Ohio’s ‘Heartbeat Bill’ Would Make State’s Abortion Laws Strictest In Nation
The legislation is on Gov. John Kasich's desk. In other news, Texas officials are criticized for distributing a pamphlet about a link between cancer and abortion that has no basis in science.
Cleveland Plain Dealer:
'Heartbeat Bill' Abortion Ban Clears Ohio House, Headed For Gov. John Kasich
A bill that would make Ohio's abortion laws the strictest in the nation is on its way to Gov. John Kasich's desk just hours after Republicans slipped the "heartbeat bill" into a child welfare bill. The Ohio House approved Senate amendments to the bill late Tuesday night, mostly along party lines, in a 56-39 vote. Earlier in the day, Senate Republicans added language banning abortions once a fetal heartbeat is detected, commonly known as the "heartbeat bill," to an unrelated measure. That could be as early as six weeks into a pregnancy, before a woman might find out she's pregnant. (Borchardt, 12/6)
Ohio's 'Heartbeat' Abortion Bill Awaits Gov. Kasich's Signature
Now Republican Gov. John Kasich, who this year lost his White House bid, must decide whether to approve a law that would ban abortions even in cases of rape or incest -- likely dragging the state into a litany of court challenges -- or veto the bill. The bill would be one of the toughest restrictions on abortions in the country. (Blau and Debucquoy-Dodley, 12/7)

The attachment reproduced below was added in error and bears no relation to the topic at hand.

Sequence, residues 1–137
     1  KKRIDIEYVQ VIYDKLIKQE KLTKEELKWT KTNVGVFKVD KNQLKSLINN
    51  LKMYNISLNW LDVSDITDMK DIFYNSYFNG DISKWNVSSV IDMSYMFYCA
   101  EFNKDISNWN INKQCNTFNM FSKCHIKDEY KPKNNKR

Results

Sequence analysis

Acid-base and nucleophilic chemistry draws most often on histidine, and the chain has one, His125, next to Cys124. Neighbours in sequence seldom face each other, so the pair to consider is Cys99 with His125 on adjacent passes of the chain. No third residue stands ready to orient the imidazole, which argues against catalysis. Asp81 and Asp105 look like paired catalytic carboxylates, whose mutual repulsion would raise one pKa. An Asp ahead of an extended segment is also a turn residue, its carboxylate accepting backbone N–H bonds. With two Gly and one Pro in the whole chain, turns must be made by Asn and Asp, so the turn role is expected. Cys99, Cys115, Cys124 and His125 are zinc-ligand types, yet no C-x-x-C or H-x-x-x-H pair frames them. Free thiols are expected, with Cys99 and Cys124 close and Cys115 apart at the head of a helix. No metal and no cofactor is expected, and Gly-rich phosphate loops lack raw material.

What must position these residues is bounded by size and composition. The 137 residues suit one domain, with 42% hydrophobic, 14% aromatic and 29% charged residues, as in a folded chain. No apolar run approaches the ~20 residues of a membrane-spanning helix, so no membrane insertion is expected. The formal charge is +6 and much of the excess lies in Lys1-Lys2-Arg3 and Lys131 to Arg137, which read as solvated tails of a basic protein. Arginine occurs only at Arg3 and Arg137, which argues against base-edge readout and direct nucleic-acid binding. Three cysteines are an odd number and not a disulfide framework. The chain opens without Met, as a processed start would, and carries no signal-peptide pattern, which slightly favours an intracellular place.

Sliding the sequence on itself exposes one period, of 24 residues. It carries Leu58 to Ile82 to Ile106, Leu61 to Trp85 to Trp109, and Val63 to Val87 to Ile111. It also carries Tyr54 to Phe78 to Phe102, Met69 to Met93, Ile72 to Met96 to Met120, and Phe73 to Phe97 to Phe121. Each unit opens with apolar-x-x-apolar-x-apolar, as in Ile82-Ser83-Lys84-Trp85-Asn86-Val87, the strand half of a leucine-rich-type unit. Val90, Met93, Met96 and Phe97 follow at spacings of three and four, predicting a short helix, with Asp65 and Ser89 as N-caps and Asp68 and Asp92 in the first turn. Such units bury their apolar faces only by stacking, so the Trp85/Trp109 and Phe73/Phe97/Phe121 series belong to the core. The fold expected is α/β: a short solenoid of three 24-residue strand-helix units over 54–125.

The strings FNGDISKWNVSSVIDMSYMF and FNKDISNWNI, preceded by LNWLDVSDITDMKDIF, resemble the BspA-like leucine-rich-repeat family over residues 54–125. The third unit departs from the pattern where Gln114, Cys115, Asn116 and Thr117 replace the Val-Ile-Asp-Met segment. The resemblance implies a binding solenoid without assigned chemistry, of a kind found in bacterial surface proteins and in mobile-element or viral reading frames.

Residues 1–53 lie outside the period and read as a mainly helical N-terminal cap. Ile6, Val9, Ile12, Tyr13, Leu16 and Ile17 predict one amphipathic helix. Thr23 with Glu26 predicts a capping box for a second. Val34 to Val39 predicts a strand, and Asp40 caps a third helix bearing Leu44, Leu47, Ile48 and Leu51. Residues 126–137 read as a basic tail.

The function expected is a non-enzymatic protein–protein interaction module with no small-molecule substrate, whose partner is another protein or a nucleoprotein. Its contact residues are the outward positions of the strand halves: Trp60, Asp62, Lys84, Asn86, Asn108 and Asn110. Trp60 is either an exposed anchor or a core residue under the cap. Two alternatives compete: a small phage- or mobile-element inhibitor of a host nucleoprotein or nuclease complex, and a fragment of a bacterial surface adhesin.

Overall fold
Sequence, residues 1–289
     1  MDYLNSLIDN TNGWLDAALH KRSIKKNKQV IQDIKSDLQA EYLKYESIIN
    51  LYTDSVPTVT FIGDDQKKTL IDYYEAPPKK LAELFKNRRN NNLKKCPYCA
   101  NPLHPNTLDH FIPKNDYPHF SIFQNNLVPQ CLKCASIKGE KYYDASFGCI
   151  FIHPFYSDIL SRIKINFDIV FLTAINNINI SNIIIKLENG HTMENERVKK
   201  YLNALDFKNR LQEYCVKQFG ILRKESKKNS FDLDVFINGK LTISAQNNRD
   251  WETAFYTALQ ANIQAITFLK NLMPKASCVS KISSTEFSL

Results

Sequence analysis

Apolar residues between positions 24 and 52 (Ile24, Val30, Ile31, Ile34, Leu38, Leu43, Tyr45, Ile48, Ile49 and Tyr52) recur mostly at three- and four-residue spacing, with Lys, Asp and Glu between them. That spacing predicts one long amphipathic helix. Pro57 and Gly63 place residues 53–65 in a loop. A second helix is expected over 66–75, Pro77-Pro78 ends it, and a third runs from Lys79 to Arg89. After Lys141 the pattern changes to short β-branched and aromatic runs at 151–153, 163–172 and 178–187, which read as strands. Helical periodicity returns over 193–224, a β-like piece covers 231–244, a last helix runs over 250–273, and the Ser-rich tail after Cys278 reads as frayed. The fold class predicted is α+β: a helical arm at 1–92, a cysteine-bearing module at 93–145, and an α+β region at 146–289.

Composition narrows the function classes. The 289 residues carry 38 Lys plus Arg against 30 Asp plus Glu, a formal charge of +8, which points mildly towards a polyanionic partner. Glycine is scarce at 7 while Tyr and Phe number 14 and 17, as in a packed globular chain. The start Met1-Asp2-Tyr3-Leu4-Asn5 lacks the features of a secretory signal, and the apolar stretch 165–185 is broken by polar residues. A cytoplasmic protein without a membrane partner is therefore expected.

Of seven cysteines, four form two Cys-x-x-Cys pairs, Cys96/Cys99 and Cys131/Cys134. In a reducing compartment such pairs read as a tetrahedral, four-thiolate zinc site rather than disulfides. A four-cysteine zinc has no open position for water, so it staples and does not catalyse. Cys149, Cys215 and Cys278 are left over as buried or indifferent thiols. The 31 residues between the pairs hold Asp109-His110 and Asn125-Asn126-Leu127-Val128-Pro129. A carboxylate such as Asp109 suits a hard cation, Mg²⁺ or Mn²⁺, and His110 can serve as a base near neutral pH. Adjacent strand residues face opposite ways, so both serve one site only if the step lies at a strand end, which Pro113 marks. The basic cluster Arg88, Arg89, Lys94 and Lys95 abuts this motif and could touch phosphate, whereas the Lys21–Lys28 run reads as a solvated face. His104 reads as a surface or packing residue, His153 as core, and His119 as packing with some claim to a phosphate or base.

The Washington Post:
Texas Tells Women Abortion Might Cause Cancer. Science Says Otherwise.
Texas health officials are under fire for releasing a booklet suggesting that having an abortion could increase a woman’s risk of developing breast cancer, despite research showing no such link. State law requires that the pamphlet, called “Women’s Right to Know,” be given to women at least 24 hours before a scheduled abortion. It includes detailed information about a developing fetus and cites potential risks of the procedure, as well as complications associated with giving birth. (Somashekhar, 12/6)